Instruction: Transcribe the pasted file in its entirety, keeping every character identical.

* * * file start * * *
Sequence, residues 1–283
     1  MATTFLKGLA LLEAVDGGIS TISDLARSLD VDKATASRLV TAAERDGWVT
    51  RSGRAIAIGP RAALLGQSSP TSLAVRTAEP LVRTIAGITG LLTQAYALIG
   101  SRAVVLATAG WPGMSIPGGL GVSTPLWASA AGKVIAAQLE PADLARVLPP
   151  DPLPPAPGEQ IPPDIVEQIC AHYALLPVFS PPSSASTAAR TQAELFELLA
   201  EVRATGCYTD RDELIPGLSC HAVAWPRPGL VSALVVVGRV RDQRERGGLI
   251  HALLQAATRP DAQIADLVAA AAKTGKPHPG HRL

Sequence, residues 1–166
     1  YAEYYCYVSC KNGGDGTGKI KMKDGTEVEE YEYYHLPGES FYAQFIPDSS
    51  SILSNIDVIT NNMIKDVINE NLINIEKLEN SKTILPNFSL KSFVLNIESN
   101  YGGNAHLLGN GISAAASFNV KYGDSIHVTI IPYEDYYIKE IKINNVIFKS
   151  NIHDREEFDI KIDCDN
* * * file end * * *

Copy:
Sequence, residues 1–283
     1  MATTFLKGLA LLEAVDGGIS TISDLARSLD VDKATASRLV TAAERDGWVT
    51  RSGRAIAIGP RAALLGQSSP TSLAVRTAEP LVRTIAGITG LLTQAYALIG
   101  SRAVVLATAG WPGMSIPGGL GVSTPLWASA AGKVIAAQLE PADLARVLPP
   151  DPLPPAPGEQ IPPDIVEQIC AHYALLPVFS PPSSASTAAR TQAELFELLA
   201  EVRATGCYTD RDELIPGLSC HAVAWPRPGL VSALVVVGRV RDQRERGGLI
   251  HALLQAATRP DAQIADLVAA AAKTGKPHPG HRL

Sequence, residues 1–166
     1  YAEYYCYVSC KNGGDGTGKI KMKDGTEVEE YEYYHLPGES FYAQFIPDSS
    51  SILSNIDVIT NNMIKDVINE NLINIEKLEN SKTILPNFSL KSFVLNIESN
   101  YGGNAHLLGN GISAAASFNV KYGDSIHVTI IPYEDYYIKE IKINNVIFKS
   151  NIHDREEFDI KIDCDN